Also available in print: KE8807.5 .G52 LAW (Reserve)
The law of contempt in Canada by Miller, JeffreyHistorical introduction -- Contempt of court : general definitions and overview -- Constitutional law and Charter of Rights considerations -- Jurisdiction -- Procedural considerations -- Disobedience of court process and procedures -- Disobedience of court orders -- The sub judice or "publication contempt" rule -- Scandalizing the court : what's left of the law? -- Contempt of other bodies and offices -- Defences : an overview -- Penalties/sentencing digest -- Appeals
Drawing upon a compilation of real-life sexual assault cases and psychological science on recall and sexual trauma, this book provides an analysis of memory reports of sexual misconduct, including inappropriate comments, behaviors, harassment, and assault. It compares these memories with other types of memory, such as flashbulb memories, co-witness conformity memory, and autobiographical memory.
This book provides a timely analysis of the use of cultural narratives and narratives of credibility in rape trials in England and Wales, drawing on court observation methods. This book provides an examination of rape myths and broader cultural narratives focusing on the intersections of gender and class and it also touches on the intersections of age, (dis)ability and mental health.
This work is a basic guide to the relevant issues and authorities of which Crown counsel, defence counsel, and judges should be aware in cases of individuals charged with sexual assault or any of the related sexual offences.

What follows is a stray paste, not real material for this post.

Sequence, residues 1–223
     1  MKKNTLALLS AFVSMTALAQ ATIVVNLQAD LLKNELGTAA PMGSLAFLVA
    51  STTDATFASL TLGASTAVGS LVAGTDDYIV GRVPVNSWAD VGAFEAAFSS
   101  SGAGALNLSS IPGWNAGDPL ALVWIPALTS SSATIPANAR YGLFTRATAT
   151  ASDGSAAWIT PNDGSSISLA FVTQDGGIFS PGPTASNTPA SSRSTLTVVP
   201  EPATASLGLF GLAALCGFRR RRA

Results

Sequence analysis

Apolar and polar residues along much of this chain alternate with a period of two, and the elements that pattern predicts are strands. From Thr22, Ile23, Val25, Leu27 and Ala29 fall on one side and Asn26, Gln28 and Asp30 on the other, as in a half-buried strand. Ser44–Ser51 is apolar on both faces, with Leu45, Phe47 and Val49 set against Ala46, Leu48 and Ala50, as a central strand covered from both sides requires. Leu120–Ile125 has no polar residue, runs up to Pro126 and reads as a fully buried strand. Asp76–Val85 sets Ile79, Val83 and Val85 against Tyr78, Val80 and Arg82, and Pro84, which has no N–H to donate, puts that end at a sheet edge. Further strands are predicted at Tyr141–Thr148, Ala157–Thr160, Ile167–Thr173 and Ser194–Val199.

Sexual assault law has been undergoing significant shifts around the world. Traditional criminal laws against sexual assault had a narrow scope: they targeted rape as coerced sexual intercourse, and they defined coercion as physical violence or threats with physical violence. Modern offense descriptions are tracing a change in the logic and structure of criminal laws against sexual assault from the offenders' violence to the victims' lack of consent as the keyfeature of criminal wrongdoing. However, there are clear and marked differences regarding the offence descriptions in substantive criminal laws in various jurisdictions. SexualAssault: Law Reform in a Comparative Perspective provides an overview of the debates surrounding the concept and definition of sexual consent, comparing the context and content of law reform in six countries: Canada, England and Wales, Germany, Sweden, the U.S. (concentrating on the American Law Institute's Model Penal Code), and Spain. Leading scholars in the field also analyse the normative questions that arise once the notion of consent gains centre stage. The overall purpose is to assess whether the new generation of criminal prohibitions reflect coherent and convincing concepts of sexual autonomy and consent, and what could be considered the best models for future law reform.
Sex Crimes: Research and Realities, 2nd edition, provides succinct overviews and details of the research regarding sex crimes and the persons who commit them, dispelling common myths related to sex crimes that have been contradicted in the scientific literature in recent decades. Throughout the book, survivors of sexual violence are highlighted, including those who have engaged in activism leading to positive changes for victims of sexual violence or came forward with their stories of sexual victimization despite being told "nothing can be done."
This is a guide to the different types of drug offences, including possession, trafficking, importing, exporting, and production offences, as well as conspiracy and criminal organization offences in the context of drug distribution offences.
Also available in print: KE2114 .B35 2018 LAW.
This text provides a detailed account of how the federal and provincial governments propose to detect, investigate, and prosecute drug-impaired driving to ensure the safety of the public on its roads.
This text provides a comprehensive overview of dangerous offender law in Canada. Dangerous Offender Law presents a guide to understanding the complex sentencing regime set out in Part XXIV of Canada’s Criminal Code.